Watson loves — loves — his "very, very wealthy clients, who are all so involved in raising money for charity," and plant-lovers, whatever their net worth. "It all comes back to the garden," he says. "Those people are interesting to me."
Among them is horticulturist Charles Cresson of Swarthmore, whom Watson met in the 1980s at a perennial plant conference at Swarthmore College and considers "a true garden geek" who got him interested in rare plants. Cresson modestly insists Watson has always had an eye for the unusual.
"I was just the spark," Cresson says.
Watson gave Cresson something unusual, too — a native perennial sunflower that he found in a ditch in Mississippi. It grows 15 feet tall, with a clump of stems and clusters of yellow daisies at the top, instead of one big head.
"It's quite fabulous," Cresson says, remembering Watson similarly, in that "he's always sort of attracted attention. He has a sparkle in his eye that is a little bit magnetic."
Watson also gave Cresson a rose that thrives in his garden today — 'Perle d'Or,' a 19th-century heirloom variety that grew in the garden of Watson's Great-Aunt Julia back home in Lexington, Miss. Virginia Chew, Watson's paternal grandmother, was from Philadelphia, and he's not sure how the family ended up in the Deep South in the late 1800s, but the Watsons still own a farm there that covers "something like thousands of acres."
Watson enjoys reminiscing about a childhood spent raising chickens, calves, and lambs, and wandering freely across a landscape that, for a boy who loved plants, revealed treasure at every turn.
Lexington is known as the home of the 4-H movement — and, apparently, Watson, who's listed on the town's website as a "contemporary notable."
He left home for Mississippi State University, wanting to study horticulture but unable to imagine it as a career. A part-time job in the MSU greenhouses convinced him otherwise, and after graduation, helped along by a stroke of serendipity here and a contact there, his career took off.
He watered office plants in Atlanta. He designed window boxes on Fire Island. He installed rooftop gardens in Manhattan. He bought some greenhouses in Fredericksburg, Va., filled them with unusual plants, and started designing gardens. And then, in 1994, after he was written up in Southern Accents magazine, two readers from Greenwich called — and he was in the door. Doors, actually, because those jobs led to others.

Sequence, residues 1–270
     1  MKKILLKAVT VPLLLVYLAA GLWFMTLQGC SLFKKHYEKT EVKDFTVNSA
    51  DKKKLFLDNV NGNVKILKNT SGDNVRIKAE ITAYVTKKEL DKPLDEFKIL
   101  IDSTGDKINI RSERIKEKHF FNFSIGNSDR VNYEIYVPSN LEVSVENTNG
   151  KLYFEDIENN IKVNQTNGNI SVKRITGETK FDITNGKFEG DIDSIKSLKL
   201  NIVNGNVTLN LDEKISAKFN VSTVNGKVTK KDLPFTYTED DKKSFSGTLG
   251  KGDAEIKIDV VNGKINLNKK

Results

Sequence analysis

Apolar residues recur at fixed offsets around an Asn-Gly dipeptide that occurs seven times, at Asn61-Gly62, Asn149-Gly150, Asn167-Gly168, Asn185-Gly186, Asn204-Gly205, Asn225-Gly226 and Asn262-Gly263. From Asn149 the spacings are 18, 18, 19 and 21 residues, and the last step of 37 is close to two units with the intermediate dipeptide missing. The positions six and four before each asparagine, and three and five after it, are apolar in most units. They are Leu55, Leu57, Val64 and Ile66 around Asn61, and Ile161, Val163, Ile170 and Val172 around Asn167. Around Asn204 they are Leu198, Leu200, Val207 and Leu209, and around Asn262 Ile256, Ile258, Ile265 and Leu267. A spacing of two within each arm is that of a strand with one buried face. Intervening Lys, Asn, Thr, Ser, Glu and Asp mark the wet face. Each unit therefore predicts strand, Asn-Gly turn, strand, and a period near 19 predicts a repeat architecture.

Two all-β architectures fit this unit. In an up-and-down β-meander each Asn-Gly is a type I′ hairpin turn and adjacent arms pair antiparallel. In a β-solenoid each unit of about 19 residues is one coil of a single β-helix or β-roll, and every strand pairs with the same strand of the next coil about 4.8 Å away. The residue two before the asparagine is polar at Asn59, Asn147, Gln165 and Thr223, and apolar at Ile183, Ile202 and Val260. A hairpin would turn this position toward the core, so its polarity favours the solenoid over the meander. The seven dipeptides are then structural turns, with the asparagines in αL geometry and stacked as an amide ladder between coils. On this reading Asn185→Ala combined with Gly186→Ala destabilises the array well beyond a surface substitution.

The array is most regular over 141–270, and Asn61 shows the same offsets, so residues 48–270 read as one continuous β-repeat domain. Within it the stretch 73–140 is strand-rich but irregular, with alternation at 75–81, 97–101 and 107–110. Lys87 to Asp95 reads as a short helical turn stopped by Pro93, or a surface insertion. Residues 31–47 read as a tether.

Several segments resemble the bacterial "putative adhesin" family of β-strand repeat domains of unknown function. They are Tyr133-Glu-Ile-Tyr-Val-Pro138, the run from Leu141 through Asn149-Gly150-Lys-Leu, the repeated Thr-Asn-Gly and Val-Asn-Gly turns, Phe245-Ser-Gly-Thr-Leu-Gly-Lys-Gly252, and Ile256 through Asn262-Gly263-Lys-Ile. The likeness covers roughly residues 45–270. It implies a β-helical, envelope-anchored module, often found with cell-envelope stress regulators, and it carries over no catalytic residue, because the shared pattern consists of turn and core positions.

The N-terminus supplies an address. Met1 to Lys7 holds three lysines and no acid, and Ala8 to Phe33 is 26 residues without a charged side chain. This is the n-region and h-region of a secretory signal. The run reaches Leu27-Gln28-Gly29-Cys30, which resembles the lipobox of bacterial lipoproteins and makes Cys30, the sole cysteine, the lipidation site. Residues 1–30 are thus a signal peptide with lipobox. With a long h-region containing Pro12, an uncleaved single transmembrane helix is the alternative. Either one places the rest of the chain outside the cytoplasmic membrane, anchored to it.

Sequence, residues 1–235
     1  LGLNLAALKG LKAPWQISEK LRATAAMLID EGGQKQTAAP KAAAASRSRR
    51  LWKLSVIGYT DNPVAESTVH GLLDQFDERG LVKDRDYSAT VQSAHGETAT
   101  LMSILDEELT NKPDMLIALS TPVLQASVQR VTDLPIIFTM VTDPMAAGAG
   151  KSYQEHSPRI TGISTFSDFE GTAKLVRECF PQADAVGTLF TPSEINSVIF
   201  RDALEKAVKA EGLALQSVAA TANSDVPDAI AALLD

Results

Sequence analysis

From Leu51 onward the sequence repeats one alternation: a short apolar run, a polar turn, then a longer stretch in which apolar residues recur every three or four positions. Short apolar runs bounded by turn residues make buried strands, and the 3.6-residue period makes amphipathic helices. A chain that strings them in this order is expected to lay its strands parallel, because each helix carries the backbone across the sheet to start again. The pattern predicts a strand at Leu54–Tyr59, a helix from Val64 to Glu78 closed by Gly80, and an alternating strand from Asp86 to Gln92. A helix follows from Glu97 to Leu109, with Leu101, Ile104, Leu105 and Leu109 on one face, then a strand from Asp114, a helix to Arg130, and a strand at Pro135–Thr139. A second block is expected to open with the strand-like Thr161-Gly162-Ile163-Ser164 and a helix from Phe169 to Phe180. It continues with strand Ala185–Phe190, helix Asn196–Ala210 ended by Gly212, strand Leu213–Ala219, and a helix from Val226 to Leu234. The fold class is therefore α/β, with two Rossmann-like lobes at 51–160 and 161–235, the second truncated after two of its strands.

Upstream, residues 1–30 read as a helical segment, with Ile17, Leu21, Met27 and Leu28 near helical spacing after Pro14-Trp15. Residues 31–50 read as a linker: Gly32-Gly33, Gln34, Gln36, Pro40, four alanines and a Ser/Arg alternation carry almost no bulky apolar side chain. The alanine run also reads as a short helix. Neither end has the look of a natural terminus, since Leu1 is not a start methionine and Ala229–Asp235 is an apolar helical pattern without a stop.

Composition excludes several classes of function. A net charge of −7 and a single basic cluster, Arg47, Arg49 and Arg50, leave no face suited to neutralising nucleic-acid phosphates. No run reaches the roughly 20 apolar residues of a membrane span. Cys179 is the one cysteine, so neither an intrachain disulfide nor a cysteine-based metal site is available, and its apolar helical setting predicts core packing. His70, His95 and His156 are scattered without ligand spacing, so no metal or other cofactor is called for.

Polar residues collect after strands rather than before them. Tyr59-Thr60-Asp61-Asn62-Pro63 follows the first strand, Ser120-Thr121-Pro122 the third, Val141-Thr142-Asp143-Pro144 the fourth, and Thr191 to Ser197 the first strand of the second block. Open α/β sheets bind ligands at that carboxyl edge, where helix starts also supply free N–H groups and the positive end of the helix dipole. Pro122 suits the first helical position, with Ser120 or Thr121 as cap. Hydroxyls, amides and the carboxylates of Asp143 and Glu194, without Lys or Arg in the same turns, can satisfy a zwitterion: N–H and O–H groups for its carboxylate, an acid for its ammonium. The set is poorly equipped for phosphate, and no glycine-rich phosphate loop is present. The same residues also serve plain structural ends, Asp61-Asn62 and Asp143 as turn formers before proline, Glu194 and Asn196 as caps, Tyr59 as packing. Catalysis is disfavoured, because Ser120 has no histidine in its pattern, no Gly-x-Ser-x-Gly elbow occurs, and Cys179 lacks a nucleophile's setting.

Which brings to mind something else on Watson's resumé — the year (1979) he spent working as a model in New York. He says the experience taught him that good looks might get your foot in the door, "but it won't keep you in the room." So it goes with designing gardens. You may get a job through a contact, but only brains and talent will keep the referrals coming.
Watson suffers no shortage of those. Drew Becher, president of the Pennsylvania Horticultural Society, notes that he's both "a good plantsman as well as showman, which is a hard mix to find."
And you better believe the man has contacts. "He's been everywhere in our field. He's met everyone," says Barbara King of Valley Forge Flowers, who has sold on QVC herself and is introducing Watson to "plant-lovers" in the region. "I might be talking about somebody I met at a garden club in Dallas and, oh, he knows her, too, been to her house for dinner!
"I'm, like, how old are you? You've fit a whole lot into one short life. He looks like he's 40."
For now, Watson's loving Philadelphia's gardens and gardeners and enjoying the moderate climate that allows us to, as Watson puts it, "grow the best of the best, most of the Northern things and Southern things, too. We can grow peonies and rhododendrons!" he says.
Watson especially likes designing with clipped hedges and parterres, which have a distinctive "garden room" quality that is so very Verey. Inspiration for the parterres also comes from Versailles, where a Greenwich client/friend took him for some lavish parties when he turned 50.
For his 60th, who knows? Someone, surely, will think of something fabulous.